- Bob Mitchell: Month of February re-visited (2/13/19)
- Bob Mitchell: A one-client professional (2/6/19)
- Bob Mitchell: Looking forward to spring (1/30/19)
- Bob Mitchell: Dirt streets and moonshine (1/23/19)
- Bob Mitchell: The people made it happen (1/16/19)
- Bob Mitchell: 1950s missed opportunity (1/9/19)
- Bob Mitchell: Thoughts for the new year (1/2/19)
Bob Mitchell: Cassville is frequently in the picture
Here we are in September, and for my part, it’s good to see August get out of the way.
Between a lawnmower crash and surgery, it will be some time before Yock doesn’t do the grass cutting on our yard.
What began the last of July was an incident that the mower actually “slung” me out of the seat and sent this old body crashing against the steel culverts in the lower part of our house. Out for a few seconds, I was sure there would be someone passing by shortly to help me get up.
Finally, after what seemed like an eternity, Austin, the grandson of the Lawsons who live up the street, heard me, came to the crash, used his phone and called an ambulance.
To shorten this phase of the month, competent care at Mercy emergency cleaned wounds, X-rays showed no broken bones, and it was back to Chinquapin Woods. A few days later, we were off to Overland Park to catch Navy doctor LCDR Andrew Parsons and family on their way to San Diego and his next assignment at Balboa Navy Hospital, which is about a half mile from where we lived back in the early 1950s.
Hurt wasn’t finished
At OP, problems continued and it was decided I’d go back to an emergency room, this time Memorah, which was Shelley’s choice. At the ER, the doctor on duty noticed the home address of Cassville and took time out to visit.
His experience, while in medical school at UMKC, which had to be years ago, included some experiences and training in Cassville. He was under the guidance of Dr. Durham, a partner with Dr. Vance Cridling, when our hospital was named Cassville Osteopathic. He said his experience in this community was a good one, with some good experiences, both professionally and time off.
He ordered a CAT scan to explore what the problem might be. This led to the obvious need for surgery.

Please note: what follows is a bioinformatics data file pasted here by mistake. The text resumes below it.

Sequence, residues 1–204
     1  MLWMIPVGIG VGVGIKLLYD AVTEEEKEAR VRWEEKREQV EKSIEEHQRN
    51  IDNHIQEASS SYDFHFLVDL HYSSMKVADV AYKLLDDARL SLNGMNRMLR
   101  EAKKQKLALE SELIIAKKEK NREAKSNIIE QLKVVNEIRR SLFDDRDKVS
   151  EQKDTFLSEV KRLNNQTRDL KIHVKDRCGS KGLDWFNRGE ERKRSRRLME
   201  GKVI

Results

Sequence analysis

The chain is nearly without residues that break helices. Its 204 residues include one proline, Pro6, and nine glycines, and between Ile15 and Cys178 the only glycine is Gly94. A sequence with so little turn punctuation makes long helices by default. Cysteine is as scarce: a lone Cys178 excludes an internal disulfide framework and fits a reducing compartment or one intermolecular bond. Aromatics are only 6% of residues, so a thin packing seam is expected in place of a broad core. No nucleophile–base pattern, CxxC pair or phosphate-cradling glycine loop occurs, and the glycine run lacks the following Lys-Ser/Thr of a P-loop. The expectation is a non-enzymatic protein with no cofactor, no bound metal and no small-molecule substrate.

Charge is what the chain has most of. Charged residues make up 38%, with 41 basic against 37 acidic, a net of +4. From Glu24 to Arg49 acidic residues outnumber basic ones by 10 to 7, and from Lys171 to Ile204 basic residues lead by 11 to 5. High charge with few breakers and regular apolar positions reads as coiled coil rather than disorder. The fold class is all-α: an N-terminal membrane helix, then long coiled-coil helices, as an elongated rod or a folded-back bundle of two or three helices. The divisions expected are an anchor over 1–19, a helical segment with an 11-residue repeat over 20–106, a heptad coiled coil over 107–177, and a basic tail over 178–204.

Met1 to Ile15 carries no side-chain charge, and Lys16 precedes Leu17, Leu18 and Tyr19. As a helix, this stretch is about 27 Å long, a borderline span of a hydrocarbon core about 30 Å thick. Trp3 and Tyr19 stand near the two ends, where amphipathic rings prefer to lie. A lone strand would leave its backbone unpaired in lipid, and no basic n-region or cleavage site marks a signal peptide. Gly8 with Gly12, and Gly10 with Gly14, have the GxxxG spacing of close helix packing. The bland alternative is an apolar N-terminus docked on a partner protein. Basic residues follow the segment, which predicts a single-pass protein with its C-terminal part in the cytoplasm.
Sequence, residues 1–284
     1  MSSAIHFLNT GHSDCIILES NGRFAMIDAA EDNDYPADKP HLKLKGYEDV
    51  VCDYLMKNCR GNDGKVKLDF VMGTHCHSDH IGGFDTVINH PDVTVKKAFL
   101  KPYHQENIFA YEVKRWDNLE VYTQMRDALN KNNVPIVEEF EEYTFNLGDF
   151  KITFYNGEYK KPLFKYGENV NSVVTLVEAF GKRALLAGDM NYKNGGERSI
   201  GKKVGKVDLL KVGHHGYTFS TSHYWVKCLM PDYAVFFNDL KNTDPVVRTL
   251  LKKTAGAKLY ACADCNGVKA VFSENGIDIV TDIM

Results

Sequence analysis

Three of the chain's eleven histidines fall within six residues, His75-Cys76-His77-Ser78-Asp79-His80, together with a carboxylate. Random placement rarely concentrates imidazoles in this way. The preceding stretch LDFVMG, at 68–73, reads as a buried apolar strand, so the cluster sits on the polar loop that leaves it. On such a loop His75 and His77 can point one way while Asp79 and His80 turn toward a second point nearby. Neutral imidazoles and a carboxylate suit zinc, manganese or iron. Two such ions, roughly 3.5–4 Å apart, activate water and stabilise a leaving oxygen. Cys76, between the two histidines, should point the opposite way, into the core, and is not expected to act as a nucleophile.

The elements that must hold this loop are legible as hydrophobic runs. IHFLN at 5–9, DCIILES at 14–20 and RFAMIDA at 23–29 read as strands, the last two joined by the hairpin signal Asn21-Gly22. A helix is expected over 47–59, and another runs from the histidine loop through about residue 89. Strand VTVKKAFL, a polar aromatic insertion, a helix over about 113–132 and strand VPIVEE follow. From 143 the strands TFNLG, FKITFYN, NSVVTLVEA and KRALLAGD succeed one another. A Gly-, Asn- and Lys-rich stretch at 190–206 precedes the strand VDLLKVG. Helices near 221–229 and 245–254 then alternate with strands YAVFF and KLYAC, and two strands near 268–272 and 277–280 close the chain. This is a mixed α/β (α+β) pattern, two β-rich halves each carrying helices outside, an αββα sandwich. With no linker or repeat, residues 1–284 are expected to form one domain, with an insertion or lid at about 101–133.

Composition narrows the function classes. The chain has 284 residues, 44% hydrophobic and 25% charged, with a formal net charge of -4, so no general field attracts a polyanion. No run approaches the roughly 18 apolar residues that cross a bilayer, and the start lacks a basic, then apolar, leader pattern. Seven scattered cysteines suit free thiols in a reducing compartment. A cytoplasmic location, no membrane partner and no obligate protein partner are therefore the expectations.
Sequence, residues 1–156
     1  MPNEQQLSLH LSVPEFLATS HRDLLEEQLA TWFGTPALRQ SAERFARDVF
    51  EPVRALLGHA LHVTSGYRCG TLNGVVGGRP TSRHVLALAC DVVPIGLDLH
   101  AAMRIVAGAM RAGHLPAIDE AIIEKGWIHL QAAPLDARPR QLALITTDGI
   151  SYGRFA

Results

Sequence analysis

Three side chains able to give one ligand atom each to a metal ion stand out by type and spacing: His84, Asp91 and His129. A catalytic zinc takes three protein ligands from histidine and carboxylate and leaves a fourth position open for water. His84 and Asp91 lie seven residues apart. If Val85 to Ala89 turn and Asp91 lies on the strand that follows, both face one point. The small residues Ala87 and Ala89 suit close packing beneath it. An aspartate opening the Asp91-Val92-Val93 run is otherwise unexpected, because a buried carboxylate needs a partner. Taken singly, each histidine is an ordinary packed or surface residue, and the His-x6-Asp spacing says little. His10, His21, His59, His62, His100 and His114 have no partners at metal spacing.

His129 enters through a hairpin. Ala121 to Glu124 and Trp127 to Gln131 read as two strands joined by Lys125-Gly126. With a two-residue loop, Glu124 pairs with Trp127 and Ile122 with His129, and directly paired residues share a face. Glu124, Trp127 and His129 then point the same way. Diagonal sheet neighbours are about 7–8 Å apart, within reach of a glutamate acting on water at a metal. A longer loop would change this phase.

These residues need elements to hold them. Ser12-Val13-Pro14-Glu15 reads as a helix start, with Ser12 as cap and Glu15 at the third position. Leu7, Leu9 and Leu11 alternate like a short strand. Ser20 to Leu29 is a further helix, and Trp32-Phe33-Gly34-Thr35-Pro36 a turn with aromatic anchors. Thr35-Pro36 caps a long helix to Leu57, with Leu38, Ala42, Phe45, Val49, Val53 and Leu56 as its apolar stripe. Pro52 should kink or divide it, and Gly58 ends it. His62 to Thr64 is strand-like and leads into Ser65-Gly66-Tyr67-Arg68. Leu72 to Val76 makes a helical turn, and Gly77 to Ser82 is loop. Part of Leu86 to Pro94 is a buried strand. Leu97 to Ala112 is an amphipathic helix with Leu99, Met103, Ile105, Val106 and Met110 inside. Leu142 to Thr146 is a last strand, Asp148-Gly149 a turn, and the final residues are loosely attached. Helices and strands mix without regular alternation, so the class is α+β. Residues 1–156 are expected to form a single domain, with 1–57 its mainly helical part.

Surgeon from Seneca
First encounter with the “cutter” had him pinpointing the home address, quickly announcing he was from Seneca. This sparked some Indian and Wildcat conversation — his information covering an era when his team was among the strongest in the region.
I discovered a few days later that he would be no poster boy for Branson fishing. In a few days, he was planning on going for water sports and fishing at Table Rock Lake.
Before my surgery, I asked him how many fish he caught. His reply was, “ask me how many bites I had.” With that he indicated a zero with his fingers.
Fortunate to be there
My luck stood good for location of required surgery, since Dr. Lehr was accomplished with robotic equipment. So far, the process has been highly successful.
Now, if the crash bruises could just heal, the return to normal would be much appreciated — not only by me, but for Sue as well.
Back in Cassville
I was transported back home by Bruce, who had come from Colorado for a week, and now it was rehab time for me. This lasted a few days, which provided a new encounter.
While I was speeding down one of the hallways on a walk experience, behind a trusty walker, I heard someone call my name from a room I had sped by.
“Are you Bob Mitchell?” this other patient at Cassville Rehabilitation asked.
Answering in the affirmative, he let me know he had been wanting to thank me for sending him the Cassville Democrat during his service in Vietnam.
James Hency related that his enjoyment of the newspaper was exceeded only by those members of the military from big towns that were in his group. He said the big city boys got more enjoyment out of the paper than he did.
All these experiences provided a full August for our family.
An unusual year
On a different subject, this has been an unusual year for our Chicken of the Woods mushrooms.
Each summer, at first, there would be one appear near a big oak tree in our yard, which Vern Petty annually pounced upon.
This year there were two, one of which Vern claimed as “the best mushroom there is.”
After these were harvested, we thought the run was over, but, while we were gone, Sue’s helper announced there were two more in the same place. She was instructed to take them for herself. This she did, leaving a portion frozen for us to use.
This is one of those odd happenings of nature, for only a few years one mushroom appeared, now this year there have been a total of four that poked through the ground to be captured for some future meal by those who enjoy this morsel.
Bob Mitchell is the former editor and publisher of the Cassville Democrat. He is a 2017 inductee to both the Missouri Press Association Hall of Fame and Missouri Southern State University’s Regional Media Hall of Fame.